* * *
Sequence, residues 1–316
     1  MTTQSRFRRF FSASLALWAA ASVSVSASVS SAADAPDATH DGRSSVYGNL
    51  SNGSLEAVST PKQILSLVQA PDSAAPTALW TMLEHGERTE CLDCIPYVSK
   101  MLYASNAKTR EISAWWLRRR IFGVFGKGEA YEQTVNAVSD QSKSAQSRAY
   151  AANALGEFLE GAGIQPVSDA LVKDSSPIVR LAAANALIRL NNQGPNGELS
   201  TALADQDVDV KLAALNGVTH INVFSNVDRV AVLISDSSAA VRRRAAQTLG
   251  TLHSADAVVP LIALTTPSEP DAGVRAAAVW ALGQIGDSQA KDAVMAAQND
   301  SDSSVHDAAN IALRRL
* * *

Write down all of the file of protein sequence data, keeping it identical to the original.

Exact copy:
Sequence, residues 1–316
     1  MTTQSRFRRF FSASLALWAA ASVSVSASVS SAADAPDATH DGRSSVYGNL
    51  SNGSLEAVST PKQILSLVQA PDSAAPTALW TMLEHGERTE CLDCIPYVSK
   101  MLYASNAKTR EISAWWLRRR IFGVFGKGEA YEQTVNAVSD QSKSAQSRAY
   151  AANALGEFLE GAGIQPVSDA LVKDSSPIVR LAAANALIRL NNQGPNGELS
   201  TALADQDVDV KLAALNGVTH INVFSNVDRV AVLISDSSAA VRRRAAQTLG
   251  TLHSADAVVP LIALTTPSEP DAGVRAAAVW ALGQIGDSQA KDAVMAAQND
   301  SDSSVHDAAN IALRRL